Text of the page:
Swingers (1996): In this monologue, Mikey (Jon Favreau), has just met a girl that evening after moping around for six months next to his answering machine, waiting for his ex-girlfriend to call. Although his friend Trent (Vince Vaughn) advises him of the dating rule that after getting a girl’s digits, one must “Wait two days to call, otherwise you might scare off a beautiful baby.” Mikey decides that a quick call wouldn’t hurt, but the situation quickly slides out of his control. With each successive answering machine message, his masochistic desperation increases. The situation is hilarious and painful to watch at the same time. After this scene subsides, Mikey hits rock bottom takes a final wallow in his own self-pity and rejects all the bullshit his friends have been telling him about picking up chicks. With help from Rob (Ron Livingston), Mikey realizes that Trent’s pickup moves won’t work for anyone but Trent himself. So Mikey returns to civilization and successfully dances and flirts with Lorraine (Heather Graham) with a newly instilled confidence and self-depreciating sincerity. The extremely quotable script, written by Favreau, has spawned many a one-liner: “You’re so money and you don’t even know it,” “He’s the guy behind the guy behind the guy,” and “Our little Mikey is all growns up. He’s growns up and he’s growns up and he’s growns up.” These and many more surprisingly versatile statements can be quoted in an amazing number of situations and have become an iconic personification of the classic underdog syndrome. Hell, I wouldn’t have gotten through law school without attending poker games while watching this movie on a loop. The dialogue is insightful, witty, and Swingers is the perfect film to pop in the DVD player as background noise. Just watching it makes you feel cool.

Fight Club (1999): Fight Club was criticized for its glorification of violence, but it remains one of the most thematically complex movies of the last decade. The film’s presentation as a satire and black comedy certainly lightens the proverbial blow to the unexpectedly heavy subject matter. Jack (Edward Norton) leads a white-collar void-of-a-life but was plagued by insomnia and a lack of intimate connections. The winter of his discontent is lessened by moonlighting at various support groups for the terminally ill, but when he meets Tyler Durden (Brad Pitt), he finds an even better method of release in weekly fighting matches. Through the pain, Jack finds that his consciousness, formerly desensitized by constant advertisements and media intrusion, is awakened and replaced by a sense of individuality. The club draws a membership, and so Tyler sets out the rules of Fight Club in this scene. While the rules are issued, the men strip themselves of restrictive conventions — shoes, wedding rings, wallets — and the violent fights morph into a sort of group therapy. Over time, the weekly violence escalates into cult-like terrorism, and Jack slowly realizes that he has replaced one magical cure with another.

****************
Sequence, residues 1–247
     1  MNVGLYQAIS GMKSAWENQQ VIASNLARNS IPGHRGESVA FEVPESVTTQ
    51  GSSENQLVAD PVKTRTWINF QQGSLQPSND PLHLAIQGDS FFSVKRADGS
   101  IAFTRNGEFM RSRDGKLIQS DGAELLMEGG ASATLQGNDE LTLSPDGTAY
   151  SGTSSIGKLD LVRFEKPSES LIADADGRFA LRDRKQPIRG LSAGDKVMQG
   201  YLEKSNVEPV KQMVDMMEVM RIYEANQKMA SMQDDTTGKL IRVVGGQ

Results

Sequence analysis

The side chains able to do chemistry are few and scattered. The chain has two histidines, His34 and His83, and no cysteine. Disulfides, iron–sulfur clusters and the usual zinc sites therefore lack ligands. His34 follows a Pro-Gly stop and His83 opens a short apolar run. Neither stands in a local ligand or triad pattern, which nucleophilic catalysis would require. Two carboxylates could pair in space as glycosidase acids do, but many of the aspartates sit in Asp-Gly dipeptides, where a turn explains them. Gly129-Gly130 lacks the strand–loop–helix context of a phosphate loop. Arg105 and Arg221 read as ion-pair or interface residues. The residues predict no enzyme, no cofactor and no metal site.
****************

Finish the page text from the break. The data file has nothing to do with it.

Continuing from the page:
Bridget Jones’s Diary (2001): This atypical chick flick centers upon the unlikely love triangle between 32-year old singleton Bridget Jones (Renee Zellweger) and two men with delicious English accents — Daniel Cleaver (Hugh Grant) and Mark Darcy (Colin Firth). In the opening monologue, Bridget adopts several comprehensive yet flippant goals to help her conquer the London dating scene. This amusingly witty list sets a brisk pace that endures as the camera follows Bridget, who is determined to conquer the London dating scene even if her New Year’s resolutions are total crap. As she ticks off the types of undateable men, even she realizes her imminent infatuation with “a particular person who embodies all these things.” Following this phrase, the elevator door immediately opens to the sight of a devilish Daniel Cleaver, a role that is played to perfection by Hugh Grant, who is far more captivating as a dirty-talking, slippery womanizer than his usual gentle film characters who recite bullshit poetry in their sleep. Bridget as a character seems almost effortless in the hands of Zellweger, who persuades the audience that our heroine is desirable and wholly captivating not in spite of her flaws but in part because of them. She is a person that many men would date and most women would befriend, and she believes that great sex, romance, and a nice boyfriend are not mutually exclusive despite her experience to the contrary. Although the film carries no heavy undertones, it does impress upon the viewer that a sense of humor and intelligence actually can improve one’s romantic prospects.